Reading while drinking Tea is one my favourite things. So I couldn’t be more happier last June when my good friend Dia Marchionne gave me a great Tea Present – “New Tea Lover’s Treasury” by James Norwood Pratt.
James Norwood Pratt is one of the world’s leading authors on Tea with over twenty years of devoted exploration and passion and several books published such as “James Norwood Pratt’s Tea Dictionary”, “The Tea Lover’s Companion”, “Reading Tea Leaves”. JNP was named Honorary Director of Imperial Tea Court, America’s first traditional Chinese teahouse which opened in 1993 in San Francisco.
Being from North Carolina, JNP remember Tea from his childhood. Later on, JNP moved to California and became a wine critic. However he had to turn to Tea.
JNP says “Wine, once my friend, my beloved, had turn into my deadliest enemy. With no expectation of ever again finding her equal, I turned to Tea, as much out of despair as self-defense. (…) At first it was simply a fluid safe to drink in great quantities and therefore suitable for a compulsive drinker such as myself. Tea gives you something to do and satisfied my need for ritual observances, occupying my hands not with glass and corkscrew but objects still more pleasurable to handle and behold. Importantly I found it is a social drink to share and create occasions with friends. After many months my alcohol-ravaged sensibilities also began to notice that Tea, while no intoxicant, most definitely produces a high all its own – a state of heightened alertness, of tranquility and freedom from care, of ruddy cheeks and sparkling conversation. Tea exhilarates.” (Pratt, 1999)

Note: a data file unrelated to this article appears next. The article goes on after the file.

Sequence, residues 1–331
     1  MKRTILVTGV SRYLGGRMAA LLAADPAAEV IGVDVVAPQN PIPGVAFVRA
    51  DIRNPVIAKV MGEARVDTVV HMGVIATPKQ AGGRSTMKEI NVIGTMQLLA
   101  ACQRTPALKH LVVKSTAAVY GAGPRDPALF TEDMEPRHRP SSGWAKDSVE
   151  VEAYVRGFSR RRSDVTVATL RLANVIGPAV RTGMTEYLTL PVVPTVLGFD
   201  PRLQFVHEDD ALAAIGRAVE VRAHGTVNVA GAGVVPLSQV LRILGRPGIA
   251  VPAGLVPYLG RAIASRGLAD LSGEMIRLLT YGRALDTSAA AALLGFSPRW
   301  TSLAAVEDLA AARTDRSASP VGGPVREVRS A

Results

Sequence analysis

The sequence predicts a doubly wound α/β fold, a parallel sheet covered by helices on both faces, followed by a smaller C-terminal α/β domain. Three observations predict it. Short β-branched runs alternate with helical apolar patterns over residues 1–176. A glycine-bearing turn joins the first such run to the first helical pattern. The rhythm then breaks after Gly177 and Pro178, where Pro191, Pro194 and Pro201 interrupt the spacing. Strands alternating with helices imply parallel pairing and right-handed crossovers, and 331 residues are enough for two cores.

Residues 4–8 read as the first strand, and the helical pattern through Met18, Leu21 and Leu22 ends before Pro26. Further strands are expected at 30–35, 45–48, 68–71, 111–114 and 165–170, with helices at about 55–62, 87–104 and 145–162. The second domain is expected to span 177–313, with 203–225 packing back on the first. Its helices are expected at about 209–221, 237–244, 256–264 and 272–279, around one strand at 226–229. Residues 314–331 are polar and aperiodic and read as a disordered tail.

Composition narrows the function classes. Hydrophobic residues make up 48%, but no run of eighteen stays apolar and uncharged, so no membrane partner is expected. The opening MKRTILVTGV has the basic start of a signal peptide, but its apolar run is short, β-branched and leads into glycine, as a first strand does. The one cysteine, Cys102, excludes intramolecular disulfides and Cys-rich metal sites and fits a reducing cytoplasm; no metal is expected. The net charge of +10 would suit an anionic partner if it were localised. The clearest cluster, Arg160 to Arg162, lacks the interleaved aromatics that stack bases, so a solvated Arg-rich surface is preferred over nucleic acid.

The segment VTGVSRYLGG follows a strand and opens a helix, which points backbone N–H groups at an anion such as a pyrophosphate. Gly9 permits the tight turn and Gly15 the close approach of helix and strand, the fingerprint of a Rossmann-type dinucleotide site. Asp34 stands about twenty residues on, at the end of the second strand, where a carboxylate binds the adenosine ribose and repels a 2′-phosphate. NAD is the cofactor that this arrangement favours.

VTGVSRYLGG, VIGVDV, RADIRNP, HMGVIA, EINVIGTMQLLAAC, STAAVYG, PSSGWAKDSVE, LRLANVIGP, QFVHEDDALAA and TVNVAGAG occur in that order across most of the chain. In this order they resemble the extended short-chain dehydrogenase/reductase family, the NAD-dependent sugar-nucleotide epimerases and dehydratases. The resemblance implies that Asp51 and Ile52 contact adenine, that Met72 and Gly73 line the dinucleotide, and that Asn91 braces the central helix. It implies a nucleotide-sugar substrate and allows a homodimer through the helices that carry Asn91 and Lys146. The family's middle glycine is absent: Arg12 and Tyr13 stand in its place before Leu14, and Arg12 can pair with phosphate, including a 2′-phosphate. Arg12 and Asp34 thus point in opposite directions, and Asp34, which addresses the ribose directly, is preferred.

The book explores the history of Tea, the various Teas around the world, the producing regions and its characteristics, Tea rituals and advice on preparation.
Tea will never taste the same after you read this book.
I couldn’t agree with the following quote from the book: “People who grew up believing Tea is just a commodity like oatmeal are discovering it is a beverage like wine, but one you can drink all day long. Once a person learns, usually from friends, how Tea is made a daily practice, it becomes more than just a product, but one’s ally in greeting the morn and companion solacing the midnight. Tea Life, you might call.” (Pratt, 1999)